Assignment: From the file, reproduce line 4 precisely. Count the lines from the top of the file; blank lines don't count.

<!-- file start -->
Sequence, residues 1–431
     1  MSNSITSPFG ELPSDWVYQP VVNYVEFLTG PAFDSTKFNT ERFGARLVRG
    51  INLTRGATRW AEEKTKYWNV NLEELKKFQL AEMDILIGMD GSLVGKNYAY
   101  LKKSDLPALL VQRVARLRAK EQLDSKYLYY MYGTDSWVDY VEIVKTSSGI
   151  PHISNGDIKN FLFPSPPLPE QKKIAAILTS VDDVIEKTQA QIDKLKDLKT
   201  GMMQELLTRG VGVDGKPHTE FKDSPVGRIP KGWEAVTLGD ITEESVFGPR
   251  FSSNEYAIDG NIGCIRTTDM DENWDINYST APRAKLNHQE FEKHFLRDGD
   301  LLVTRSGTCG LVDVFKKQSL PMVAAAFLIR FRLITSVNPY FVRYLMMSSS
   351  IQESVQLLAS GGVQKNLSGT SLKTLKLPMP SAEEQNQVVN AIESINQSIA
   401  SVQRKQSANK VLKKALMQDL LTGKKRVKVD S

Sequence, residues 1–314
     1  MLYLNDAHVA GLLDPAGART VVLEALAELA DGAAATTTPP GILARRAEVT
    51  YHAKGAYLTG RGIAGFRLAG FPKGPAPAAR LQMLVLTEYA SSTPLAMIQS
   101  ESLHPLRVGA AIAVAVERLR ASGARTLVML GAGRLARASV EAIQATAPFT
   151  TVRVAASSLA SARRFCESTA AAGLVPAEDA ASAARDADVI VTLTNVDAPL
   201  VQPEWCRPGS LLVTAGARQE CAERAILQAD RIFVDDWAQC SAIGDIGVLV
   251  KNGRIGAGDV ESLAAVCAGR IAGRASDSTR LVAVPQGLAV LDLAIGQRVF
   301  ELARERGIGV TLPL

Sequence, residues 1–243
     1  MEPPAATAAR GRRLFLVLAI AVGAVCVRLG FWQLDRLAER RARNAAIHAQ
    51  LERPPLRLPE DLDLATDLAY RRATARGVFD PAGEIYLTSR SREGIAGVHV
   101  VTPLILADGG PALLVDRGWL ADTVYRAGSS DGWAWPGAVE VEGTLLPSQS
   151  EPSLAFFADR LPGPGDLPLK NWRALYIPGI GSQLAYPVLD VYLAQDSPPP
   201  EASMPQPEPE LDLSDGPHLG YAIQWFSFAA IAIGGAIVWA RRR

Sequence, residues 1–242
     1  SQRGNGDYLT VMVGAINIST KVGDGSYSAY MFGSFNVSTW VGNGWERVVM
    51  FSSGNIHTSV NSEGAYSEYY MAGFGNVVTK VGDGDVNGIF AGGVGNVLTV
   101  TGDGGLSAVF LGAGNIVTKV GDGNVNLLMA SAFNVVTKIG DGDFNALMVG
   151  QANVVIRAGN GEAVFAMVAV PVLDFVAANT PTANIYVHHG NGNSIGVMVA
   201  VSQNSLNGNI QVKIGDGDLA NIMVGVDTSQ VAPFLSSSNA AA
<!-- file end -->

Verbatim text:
   101  LKKSDLPALL VQRVARLRAK EQLDSKYLYY MYGTDSWVDY VEIVKTSSGI